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Title: 'Forging a conviction' : participants' experiences of a western acupuncture randomised controlled trial
Author: Hill, Clare Marie
ISNI:       0000 0001 2434 4367
Awarding Body: University of Southampton
Current Institution: University of Southampton
Date of Award: 2009
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Research into acupuncture has shown that individuals continue to report favourable clinical effects despite the lack of systematic evidence supporting a point specific therapeutic effect for real acupuncture treatment. This thesis presents a qualitative study, nested within a large randomised controlled trial of acupuncture specifically designed to investigate both specific and non-specific effects of western acupuncture for osteoarthritis pain. The aim was to explore the non specific effects of acupuncture in a trial context from the participants’ perspective, in particular the therapeutic relationship and any additional influences on the patient experience that might lead to non-specific effects on outcomes. Participants were recruited from hip or knee joint replacement waiting lists and randomised to one of three treatments (real acupuncture or 2 placebo controls) and one of two consultation conditions (empathic or non- empathic). The qualitative methodology was grounded theory. Data collection combined 27 post trial audio taped, semi structured interviews with post treatment debriefing, participant and non participant observation and personal reflections. The findings of this study identified a core category of ‘forging a conviction’ and a substantive theory of ‘active trial participation’ was developed. Participants gave reasons for entering the trial and for maintaining their commitment to it, despite numerous barriers. These experiences helped to forge convictions about the trial interventions and their effects. As a result a combination of specific and non specific influences appeared to impact on the participants’ reporting of outcomes, leading to discrepancies between the quantitative and qualitative data. This theory of ‘active participation’ in clinical trials challenges some of the basic assumptions of randomized controlled trials, most notably that participants are passive recipients of an intervention and report its effects factually.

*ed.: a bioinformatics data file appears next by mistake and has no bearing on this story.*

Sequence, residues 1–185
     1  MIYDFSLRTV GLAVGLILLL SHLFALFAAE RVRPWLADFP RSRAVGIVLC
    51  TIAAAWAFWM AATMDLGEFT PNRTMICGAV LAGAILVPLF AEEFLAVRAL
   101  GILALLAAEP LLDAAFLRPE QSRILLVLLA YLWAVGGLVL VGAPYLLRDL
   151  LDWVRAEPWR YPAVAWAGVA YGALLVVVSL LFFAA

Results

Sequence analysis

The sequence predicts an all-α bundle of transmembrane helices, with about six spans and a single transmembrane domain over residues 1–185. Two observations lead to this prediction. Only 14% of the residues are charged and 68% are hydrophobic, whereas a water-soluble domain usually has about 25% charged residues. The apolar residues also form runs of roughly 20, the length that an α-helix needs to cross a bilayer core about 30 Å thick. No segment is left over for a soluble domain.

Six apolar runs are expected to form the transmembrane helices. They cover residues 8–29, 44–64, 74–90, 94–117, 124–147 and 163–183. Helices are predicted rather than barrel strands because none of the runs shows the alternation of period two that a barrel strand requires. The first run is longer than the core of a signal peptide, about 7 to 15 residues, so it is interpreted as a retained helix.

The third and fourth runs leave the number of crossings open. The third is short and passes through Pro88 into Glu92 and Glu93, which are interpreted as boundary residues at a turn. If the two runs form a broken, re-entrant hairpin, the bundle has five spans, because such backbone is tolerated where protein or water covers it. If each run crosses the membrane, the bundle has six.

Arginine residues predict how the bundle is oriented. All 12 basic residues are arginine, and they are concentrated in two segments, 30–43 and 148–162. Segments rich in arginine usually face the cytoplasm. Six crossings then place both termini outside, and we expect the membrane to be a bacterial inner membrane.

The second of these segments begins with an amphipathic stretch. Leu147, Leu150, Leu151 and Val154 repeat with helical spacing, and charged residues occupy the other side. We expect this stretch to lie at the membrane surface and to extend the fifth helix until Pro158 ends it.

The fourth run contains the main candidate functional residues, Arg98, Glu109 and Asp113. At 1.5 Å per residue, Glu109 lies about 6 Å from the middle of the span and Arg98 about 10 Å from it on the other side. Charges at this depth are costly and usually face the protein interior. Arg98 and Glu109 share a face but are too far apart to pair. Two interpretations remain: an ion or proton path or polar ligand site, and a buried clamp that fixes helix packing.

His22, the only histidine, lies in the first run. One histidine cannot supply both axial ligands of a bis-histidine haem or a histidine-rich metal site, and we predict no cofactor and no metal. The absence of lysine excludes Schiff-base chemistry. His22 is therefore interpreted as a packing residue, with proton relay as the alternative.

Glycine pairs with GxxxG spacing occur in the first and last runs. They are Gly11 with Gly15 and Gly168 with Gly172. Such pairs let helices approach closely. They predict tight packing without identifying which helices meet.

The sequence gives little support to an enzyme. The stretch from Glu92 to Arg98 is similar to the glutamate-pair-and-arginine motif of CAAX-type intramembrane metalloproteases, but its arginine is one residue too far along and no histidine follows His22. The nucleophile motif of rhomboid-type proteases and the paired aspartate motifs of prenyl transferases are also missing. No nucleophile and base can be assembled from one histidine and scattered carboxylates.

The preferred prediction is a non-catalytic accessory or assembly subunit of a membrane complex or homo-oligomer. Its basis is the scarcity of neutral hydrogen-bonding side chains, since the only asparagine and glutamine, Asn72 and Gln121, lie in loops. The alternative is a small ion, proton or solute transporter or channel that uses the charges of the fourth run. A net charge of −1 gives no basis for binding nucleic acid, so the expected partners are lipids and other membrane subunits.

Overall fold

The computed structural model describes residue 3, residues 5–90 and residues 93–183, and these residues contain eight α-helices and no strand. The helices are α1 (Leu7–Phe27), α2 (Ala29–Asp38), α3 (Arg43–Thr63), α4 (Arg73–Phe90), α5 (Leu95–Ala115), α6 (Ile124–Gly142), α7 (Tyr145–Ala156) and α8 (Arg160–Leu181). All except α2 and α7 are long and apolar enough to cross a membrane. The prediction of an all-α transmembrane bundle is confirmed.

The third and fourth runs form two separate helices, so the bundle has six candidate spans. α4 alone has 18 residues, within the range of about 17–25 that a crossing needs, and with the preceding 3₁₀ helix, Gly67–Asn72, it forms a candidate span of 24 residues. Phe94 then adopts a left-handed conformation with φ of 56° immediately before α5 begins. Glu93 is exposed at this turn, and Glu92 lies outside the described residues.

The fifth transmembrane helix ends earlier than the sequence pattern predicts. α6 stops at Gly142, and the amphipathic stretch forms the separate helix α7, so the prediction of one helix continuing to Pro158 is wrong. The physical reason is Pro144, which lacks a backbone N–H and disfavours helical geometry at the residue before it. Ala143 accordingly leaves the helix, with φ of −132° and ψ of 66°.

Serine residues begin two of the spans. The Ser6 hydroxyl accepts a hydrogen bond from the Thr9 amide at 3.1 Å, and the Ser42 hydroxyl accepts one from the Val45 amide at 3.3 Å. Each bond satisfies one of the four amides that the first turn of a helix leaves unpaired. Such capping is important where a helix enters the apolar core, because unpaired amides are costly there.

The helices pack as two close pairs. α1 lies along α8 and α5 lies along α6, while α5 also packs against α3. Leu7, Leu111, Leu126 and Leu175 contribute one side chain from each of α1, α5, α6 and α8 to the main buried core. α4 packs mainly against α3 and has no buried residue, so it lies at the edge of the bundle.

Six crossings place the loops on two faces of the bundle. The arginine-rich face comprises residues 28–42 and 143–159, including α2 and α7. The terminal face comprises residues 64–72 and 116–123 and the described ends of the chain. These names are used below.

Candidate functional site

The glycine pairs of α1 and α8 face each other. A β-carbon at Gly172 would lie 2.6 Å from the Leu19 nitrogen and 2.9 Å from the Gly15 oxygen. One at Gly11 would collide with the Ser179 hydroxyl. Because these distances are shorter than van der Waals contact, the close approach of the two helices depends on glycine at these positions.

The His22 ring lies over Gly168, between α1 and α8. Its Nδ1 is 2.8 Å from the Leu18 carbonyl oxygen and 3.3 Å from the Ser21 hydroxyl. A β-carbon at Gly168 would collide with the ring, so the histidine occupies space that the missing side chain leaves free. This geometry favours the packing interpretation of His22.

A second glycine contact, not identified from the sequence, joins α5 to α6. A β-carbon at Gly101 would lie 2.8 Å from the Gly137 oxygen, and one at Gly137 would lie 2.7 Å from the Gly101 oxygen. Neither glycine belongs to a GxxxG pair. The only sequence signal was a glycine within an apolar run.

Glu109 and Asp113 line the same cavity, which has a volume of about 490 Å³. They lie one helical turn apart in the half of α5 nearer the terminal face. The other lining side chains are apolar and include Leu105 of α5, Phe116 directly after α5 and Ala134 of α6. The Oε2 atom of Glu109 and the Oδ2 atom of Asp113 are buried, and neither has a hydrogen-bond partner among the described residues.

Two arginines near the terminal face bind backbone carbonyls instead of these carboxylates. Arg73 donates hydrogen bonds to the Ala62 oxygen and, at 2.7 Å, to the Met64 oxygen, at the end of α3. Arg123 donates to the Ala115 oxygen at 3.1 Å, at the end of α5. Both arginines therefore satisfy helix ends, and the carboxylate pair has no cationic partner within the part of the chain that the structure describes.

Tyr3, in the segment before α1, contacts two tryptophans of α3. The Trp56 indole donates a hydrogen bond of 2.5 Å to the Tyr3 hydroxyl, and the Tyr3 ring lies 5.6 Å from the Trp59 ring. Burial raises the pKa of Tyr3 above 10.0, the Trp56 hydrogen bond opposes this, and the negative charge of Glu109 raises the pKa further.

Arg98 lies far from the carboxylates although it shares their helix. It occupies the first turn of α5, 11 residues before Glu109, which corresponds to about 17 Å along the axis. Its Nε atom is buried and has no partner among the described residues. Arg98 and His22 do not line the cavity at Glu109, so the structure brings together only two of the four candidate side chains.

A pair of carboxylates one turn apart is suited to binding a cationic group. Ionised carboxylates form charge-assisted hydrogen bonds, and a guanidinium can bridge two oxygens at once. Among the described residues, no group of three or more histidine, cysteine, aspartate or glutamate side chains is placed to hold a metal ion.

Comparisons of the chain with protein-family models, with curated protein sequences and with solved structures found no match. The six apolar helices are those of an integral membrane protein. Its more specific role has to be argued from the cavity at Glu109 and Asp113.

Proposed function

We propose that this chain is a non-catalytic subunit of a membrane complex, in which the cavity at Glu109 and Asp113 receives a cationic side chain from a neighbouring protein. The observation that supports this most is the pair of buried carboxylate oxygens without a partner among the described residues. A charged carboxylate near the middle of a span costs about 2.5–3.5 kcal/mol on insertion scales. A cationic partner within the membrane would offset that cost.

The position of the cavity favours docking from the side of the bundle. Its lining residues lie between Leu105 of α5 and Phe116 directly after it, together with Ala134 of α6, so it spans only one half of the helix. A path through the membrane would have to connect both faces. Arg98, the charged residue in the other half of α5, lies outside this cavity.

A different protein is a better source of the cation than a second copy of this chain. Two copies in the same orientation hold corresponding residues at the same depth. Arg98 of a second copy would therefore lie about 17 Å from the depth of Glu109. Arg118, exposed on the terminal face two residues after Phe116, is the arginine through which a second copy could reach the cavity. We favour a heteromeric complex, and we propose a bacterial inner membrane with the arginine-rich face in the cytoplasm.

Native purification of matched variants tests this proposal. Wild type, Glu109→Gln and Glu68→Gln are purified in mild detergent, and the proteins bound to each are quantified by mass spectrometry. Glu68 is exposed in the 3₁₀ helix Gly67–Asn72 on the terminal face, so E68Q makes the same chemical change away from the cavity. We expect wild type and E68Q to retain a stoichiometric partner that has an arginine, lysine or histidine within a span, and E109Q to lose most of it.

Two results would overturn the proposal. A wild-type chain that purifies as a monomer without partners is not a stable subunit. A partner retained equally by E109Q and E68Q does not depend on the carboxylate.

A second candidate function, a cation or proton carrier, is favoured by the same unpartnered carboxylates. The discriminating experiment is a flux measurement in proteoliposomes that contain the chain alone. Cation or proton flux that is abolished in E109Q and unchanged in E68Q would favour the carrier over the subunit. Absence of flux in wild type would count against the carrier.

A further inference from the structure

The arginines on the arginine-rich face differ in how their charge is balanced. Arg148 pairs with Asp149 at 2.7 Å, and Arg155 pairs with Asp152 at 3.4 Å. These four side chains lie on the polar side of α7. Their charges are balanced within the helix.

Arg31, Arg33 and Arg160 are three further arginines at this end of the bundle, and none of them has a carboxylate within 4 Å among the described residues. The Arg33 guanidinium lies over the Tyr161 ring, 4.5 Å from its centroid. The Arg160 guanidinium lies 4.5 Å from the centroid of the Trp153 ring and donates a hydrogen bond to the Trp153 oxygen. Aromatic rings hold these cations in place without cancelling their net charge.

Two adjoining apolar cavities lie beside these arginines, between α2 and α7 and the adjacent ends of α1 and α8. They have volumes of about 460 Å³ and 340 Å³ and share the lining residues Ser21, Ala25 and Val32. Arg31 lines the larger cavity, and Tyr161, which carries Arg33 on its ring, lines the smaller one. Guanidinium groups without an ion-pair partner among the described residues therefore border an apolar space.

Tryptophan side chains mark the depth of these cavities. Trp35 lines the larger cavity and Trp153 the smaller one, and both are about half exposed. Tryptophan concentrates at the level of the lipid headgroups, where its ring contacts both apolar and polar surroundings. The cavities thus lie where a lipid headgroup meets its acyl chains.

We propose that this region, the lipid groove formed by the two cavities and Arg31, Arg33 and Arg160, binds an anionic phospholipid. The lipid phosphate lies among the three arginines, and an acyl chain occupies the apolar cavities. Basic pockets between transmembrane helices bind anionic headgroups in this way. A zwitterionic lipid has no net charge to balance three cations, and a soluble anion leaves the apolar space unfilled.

Supervisor: Walker, Jan ; White, Peter ; Lewith, George Sponsor: Not available
Qualification Name: Thesis (Ph.D.) Qualification Level: Doctoral
EThOS ID:  DOI: Not available
Keywords: RZ Other systems of medicine